Bert Stern, one of the legendary figures in contemporary photography, personified the commercial photographer as a cultural hero in the 1960s. Hugely successful in the worlds of fashion and advertising photography, in the late 1960s he operated a studio, not unlike Andy Warhol’s Factory, from which he created countless award-winning ads, editorial features, magazine covers, films, and portraits. His name is firmly associated with the golden age of advertising, and many of his images are classics.
Stern’s meteoric rise in the 1960s advertising world is represented by such images as his vodka advertisement in which an Egyptian pyramid is seen inverted in a martini glass. Besides working for such clients as IBM, Vogue, Glamour, Life, Revlon, and Smirnoff, he was highly acclaimed for his portraits of celebrities including Gary Cooper and Louis Armstrong. His portraits of stars ranging from Elizabeth Taylor and Audrey Hepburn to Drew Barrymore, including the spellbinding 1962 “last sitting” photographs of Marilyn Monroe, form a gallery of the most beautiful women of our time. In the 1960s, he became the American prototype of the fashion photographer as a media star, and his pictures of models from Twiggy to Iman have become icons to a new generation of photographers. In all of Stern’s works can be seen the remarkable graphic simplicity of his photographic art, as well as his extraordinary rapport with his subjects.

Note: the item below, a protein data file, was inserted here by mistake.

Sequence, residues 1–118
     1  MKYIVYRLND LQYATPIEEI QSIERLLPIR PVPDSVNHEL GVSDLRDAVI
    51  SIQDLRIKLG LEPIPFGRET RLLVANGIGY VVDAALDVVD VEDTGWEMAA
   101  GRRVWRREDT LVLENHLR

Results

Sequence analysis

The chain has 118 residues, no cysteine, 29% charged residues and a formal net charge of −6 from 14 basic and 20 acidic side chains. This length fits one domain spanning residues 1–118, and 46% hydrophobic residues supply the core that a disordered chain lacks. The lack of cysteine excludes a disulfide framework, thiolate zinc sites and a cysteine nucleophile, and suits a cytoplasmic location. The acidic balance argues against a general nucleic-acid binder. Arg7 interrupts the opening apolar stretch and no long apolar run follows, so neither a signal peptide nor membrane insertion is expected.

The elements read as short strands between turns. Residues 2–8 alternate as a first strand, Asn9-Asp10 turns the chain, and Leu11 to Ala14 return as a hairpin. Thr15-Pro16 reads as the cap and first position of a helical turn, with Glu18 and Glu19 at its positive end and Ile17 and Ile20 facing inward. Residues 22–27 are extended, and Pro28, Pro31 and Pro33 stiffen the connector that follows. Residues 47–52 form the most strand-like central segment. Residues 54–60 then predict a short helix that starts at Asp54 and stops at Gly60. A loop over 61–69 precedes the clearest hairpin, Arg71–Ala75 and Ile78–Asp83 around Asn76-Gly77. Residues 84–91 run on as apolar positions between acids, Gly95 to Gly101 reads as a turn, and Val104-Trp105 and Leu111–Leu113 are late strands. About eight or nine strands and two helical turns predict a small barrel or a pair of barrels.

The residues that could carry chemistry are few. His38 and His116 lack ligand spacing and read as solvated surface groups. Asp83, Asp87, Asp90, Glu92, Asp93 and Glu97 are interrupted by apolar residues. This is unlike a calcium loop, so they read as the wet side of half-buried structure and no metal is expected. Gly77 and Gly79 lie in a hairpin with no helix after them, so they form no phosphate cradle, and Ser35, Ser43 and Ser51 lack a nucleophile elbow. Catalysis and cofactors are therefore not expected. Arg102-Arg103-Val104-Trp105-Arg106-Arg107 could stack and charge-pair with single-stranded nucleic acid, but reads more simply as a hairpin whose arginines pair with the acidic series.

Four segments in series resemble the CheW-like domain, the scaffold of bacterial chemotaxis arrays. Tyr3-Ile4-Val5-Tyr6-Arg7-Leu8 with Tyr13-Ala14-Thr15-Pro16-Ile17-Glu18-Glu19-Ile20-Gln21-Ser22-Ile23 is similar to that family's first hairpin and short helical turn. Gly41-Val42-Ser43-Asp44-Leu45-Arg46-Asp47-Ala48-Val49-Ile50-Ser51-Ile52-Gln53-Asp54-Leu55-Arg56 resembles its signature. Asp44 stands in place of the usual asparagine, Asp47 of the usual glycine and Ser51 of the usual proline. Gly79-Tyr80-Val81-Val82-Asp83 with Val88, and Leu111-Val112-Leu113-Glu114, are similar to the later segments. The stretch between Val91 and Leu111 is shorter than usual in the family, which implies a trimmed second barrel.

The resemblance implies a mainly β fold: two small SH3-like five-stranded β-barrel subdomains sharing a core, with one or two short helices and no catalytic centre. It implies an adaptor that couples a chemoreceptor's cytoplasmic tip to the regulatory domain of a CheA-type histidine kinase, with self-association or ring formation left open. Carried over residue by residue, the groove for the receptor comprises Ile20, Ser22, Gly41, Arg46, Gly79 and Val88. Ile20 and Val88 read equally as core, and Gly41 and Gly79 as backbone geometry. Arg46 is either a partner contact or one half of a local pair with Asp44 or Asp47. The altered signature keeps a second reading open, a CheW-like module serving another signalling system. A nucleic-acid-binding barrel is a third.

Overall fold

Born in Brooklyn, New York and self-taught in photography, Stern began his career as an assistant to art director Hershel Bramson at Look magazine from 1946 to 1948. Between 1949 and 1951, he was an art director at Mayfair magazine, after which he rejoined Bramson at L.C. Gumbiner advertising agency, and helped create the modern advertising photograph. In 1954, he opened the first of four studios in New York, the last closing in 1971. Between 1971 and 1975, Stern lived in Spain. Since 1976, he has continued working in New York on personal as well as commercial assignments."